RE: Future cancellation

I think the .NET disposal analogy is a good one. I don’t know how other runtimes handle it, but in .NET you would dispose of a resource (perhaps representing an in-progress asynchronous operation) by having the handle for that resource implement IDisposable, i.e. have a dispose() method. So I think if you wanted to do something similar with promises, you’d return a disposable handle alongside your promise (i.e. `return { promise, diposable }` or simply `{ promise, dispose }`). You can also layer that on top of the promise (i.e. `promise.dispose = () => { .. }; return promise;`).

From: Kevin Gadd []
Sent: Wednesday, May 1, 2013 00:35
To: Domenic Denicola
Cc: Jonas Sicking; Ron Buckton;; es-discuss
Subject: Re: Future cancellation

To be honest, I haven't yet seen an explanation of why 'I no longer have any need for the contents of this future' is not tied to the underlying semantics of a future. Where else would it go? I agree with you that complicating a primitive in order to support a small subset of use cases is undesirable, and it does seem like perhaps end-user subclassing of futures/promises addresses all these use cases. But it is troubling to me to consistently see real use cases dismissed as somehow unworthy of consideration because they do not meet some unspecified semantic bar.
And to restate some points that have cropped up in the thread multiple times so far, since they are relevant to your arguments:
Future cancellation is not the same as task cancellation; it is different. I would agree with any suggestion that using the names 'cancel' or 'abort' probably leads people to assume that they are the same. I prefer the term 'disposal' but that is perhaps overly .NETty and implies things that do not apply to JS.
Layering disposal onto a promise from the outside is fine, but requires that all consumers of an API have prior knowledge of the way the API is implemented; that is, the API author has to expose disposal beforehand (even if it is not used) and the consumer has to know that it is needed. This exposes whether or not disposal is *actually used* by an implementation when it should be an implementation detail. Much like how - to pick an arbitrary example - finally blocks in a generator should run if you enumerate the generator with for-of, it is desirable to have a universal way to indicate that a future's value is unneeded by a single consumer such that any given API implementer can extend their implementation seamlessly to abort operations that are no longer needed. This allows significant changes to the backend of an operation (caching, batching, etc) without changing the public API. (Note that you can probably address this with a Future subclass instead of baking disposal into Future itself, or by exposing some sort of public function that you can call on a future to indicate that you are done with it and making that function a no-op for non-disposable futures. I don't have a strong opinion).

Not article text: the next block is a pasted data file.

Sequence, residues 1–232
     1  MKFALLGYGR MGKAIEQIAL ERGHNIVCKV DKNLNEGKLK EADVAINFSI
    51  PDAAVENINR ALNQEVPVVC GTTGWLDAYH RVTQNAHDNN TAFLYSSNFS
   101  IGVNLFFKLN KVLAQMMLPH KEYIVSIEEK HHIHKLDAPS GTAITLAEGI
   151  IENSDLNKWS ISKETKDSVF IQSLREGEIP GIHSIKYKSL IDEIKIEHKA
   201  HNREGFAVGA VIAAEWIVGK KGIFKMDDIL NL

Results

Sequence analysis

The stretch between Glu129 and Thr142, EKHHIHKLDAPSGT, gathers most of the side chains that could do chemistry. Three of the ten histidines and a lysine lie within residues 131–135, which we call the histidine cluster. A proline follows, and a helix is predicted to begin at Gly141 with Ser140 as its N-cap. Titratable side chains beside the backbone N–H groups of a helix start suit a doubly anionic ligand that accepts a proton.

I'm fine with cancellation and progress being nuked from futures for conceptual purity; simpler is probably better. But if you're going to kill them, you should do it based on sound reasoning, otherwise they're just going to keep cropping up again and again because people want them and will probably not accept a justification that seems based on a misunderstanding of their arguments.
Given the choice between explicitly not specifying disposal, and specifying an 'encouraged way to do it' (i.e. via subclassing), I would also lean towards the latter. That is, if you're going to say 'we don't need to spec disposal', by demonstrating an incredibly easy way to do it via subclassing, you address any arguments that it must be built into the language or into DOM futures, and you demonstrate a pattern that is expected to work based on the current spec.


On Tue, Apr 30, 2013 at 9:25 PM, Domenic Denicola <<>> wrote:
From:<> [<>] On Behalf Of Jonas Sicking

> It isn't actually surprising that the same issues arise. ProgressFuture basically delivers progress about an "operation" rather than a "result".
I agree. I think both progress and cancellation (of underlying operations) are attractive nuisances. They seem like they fit in well with the model, and would be useful for certain use cases. But they are actually very different, and not tied to the underling promise semantics at all—which are of a first class value representing a promised "result," as you put it, not representing an ongoing "operation."

I lean toward not specifying or including them at all. Although you can try to stuff them naively into the promise semantics, you end up needing to complicate the conceptual model in order to make them behave as you wish. As you point out, this is clearly visible with the various combinators. But it's also visible in basic semantic questions that arise: e.g. downward progress propagation/transformation, or the role of throwing inside a progress handler, or upward cancellation progagation/reaction, or downward cancellation forking, or the role of rejections in cancellation. You soon realize that you're trying to smush in semantics where they don't belong.

In other words, separate abstractions for cancellation or progress, unrelated to promises, seem best.
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Received on Wednesday, 1 May 2013 05:02:18 UTC